Thermal transfer and apparent-dose distributions in poorly bleached mortar samples: Results from single grains and small aliquots of quartz

M. Jain, Kristina Jørkov Thomsen, L. Bøtter-Jensen, A.S. Murray

    Research output: Contribution to journalJournal articleResearchpeer-review


    In the assessment of doses received from a nuclear accident, considerable attention has been paid to retrospective dosimetry using the optically stimulated luminescence (OSL) of heated materials such as bricks and tiles. Quartz extracted from these artefacts was heated during manufacture;, this process releases all the prior trapped charge and simultaneously sensitises the quartz. Unfortunately unheated materials such as mortar and concrete are more common in industrial sites and particularly in nuclear installations. These materials are usually exposed to daylight during quarrying and construction, but in general this exposure is insufficient to completely empty (bleach) any geological trapped charge. This leads to a distribution of apparent doses in the sample at the time of construction with only some (if any) grains exposed to sufficient light to be considered well bleached for OSL dosimetry. The challenge in using such materials as retrospective dosemeters, is in identifying these well-bleached grains when an accident dose has been superimposed on the original dose distribution.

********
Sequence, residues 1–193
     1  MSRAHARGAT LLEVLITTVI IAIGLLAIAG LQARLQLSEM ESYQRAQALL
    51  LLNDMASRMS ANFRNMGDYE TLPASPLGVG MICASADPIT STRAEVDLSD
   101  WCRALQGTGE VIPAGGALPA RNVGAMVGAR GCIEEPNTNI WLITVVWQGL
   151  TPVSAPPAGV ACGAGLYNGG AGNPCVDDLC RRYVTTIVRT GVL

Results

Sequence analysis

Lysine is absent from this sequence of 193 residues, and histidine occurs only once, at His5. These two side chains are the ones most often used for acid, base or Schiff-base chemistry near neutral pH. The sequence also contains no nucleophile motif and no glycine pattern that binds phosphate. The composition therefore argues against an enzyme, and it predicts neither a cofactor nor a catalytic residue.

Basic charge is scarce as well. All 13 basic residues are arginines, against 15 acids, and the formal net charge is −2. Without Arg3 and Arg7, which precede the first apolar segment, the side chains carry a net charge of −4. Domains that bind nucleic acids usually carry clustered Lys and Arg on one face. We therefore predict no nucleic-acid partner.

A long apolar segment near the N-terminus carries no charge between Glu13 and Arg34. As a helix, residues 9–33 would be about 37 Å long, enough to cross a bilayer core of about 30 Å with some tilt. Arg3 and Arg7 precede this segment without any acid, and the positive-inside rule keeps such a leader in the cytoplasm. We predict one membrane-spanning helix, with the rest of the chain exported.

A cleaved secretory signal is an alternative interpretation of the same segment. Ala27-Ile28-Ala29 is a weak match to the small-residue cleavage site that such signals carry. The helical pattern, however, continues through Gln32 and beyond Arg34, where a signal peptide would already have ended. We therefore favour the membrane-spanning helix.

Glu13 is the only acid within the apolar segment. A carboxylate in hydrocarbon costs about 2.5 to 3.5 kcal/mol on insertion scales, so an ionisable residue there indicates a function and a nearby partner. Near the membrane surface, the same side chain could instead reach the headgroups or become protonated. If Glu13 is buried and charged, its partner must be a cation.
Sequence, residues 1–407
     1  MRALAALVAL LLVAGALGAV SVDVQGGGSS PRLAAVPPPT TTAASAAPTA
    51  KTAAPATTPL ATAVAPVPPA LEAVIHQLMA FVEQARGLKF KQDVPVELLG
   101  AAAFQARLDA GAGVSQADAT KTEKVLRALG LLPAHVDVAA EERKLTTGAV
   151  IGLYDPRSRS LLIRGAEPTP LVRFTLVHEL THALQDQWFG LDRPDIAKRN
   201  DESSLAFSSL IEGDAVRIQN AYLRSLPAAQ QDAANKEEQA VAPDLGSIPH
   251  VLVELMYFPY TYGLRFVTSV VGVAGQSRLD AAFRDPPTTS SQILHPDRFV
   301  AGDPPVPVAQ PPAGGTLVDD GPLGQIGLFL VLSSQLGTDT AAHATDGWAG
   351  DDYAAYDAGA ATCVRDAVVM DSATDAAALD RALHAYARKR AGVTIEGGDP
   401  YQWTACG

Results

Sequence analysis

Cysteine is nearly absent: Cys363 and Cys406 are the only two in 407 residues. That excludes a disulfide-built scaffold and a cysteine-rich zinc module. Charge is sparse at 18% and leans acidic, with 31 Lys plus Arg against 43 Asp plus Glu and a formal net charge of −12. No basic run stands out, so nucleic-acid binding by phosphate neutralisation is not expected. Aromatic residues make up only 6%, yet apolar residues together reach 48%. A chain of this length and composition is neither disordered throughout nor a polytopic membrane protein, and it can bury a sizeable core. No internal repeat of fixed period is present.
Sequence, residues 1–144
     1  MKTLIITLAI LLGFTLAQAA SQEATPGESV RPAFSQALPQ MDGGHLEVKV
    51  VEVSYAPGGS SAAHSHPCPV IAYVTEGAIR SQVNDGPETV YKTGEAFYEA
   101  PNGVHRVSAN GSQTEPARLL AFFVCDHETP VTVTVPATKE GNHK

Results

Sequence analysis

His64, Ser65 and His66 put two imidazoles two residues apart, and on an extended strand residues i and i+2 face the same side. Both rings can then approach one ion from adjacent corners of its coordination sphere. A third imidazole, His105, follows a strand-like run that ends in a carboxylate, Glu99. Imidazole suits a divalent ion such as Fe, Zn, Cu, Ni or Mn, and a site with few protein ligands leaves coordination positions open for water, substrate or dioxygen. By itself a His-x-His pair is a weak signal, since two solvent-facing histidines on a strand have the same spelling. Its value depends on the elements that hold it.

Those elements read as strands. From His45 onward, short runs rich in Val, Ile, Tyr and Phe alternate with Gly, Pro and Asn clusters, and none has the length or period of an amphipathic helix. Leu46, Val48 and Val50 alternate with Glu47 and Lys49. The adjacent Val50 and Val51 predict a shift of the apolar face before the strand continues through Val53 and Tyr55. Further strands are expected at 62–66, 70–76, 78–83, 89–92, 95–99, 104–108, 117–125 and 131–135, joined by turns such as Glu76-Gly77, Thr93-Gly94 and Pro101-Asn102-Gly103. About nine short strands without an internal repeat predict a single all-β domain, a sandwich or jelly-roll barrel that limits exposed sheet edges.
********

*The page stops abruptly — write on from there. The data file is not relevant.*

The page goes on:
We investigate here, using OSL, the background dose in three different mortar samples: render, whitewash and inner wall plaster from a building built in 1964. These samples are found to be both poorly bleached and weakly sensitive (only 0.3% of grains giving a detectable dose response). We study thermal transfer in single grains of quartz, investigate the grain-size dependence of bleaching in the size range 90-300 mum and compare the dose-distributions obtained from small aliquots and single-grain procedures. A comparison of three different methods viz. (a) first 5%, (b) probability plot and (c) comparison of internal and external uncertainties, is made for equivalent dose estimation. The results have implications for accident dosimetry, archaeological studies and dating of poorly bleached sediments. (C) 2003 Elsevier Ltd. All fights reserved.
    Original languageEnglish
    JournalRadiation Measurements
    Issue number1
    Pages (from-to)101-109
    Publication statusPublished - 2004


    • Retrospective dosimetry
    • Mortar
    • Poor bleaching
    • Thermal transfer
    • Single grains
    • Quartz OSL dose-distributions


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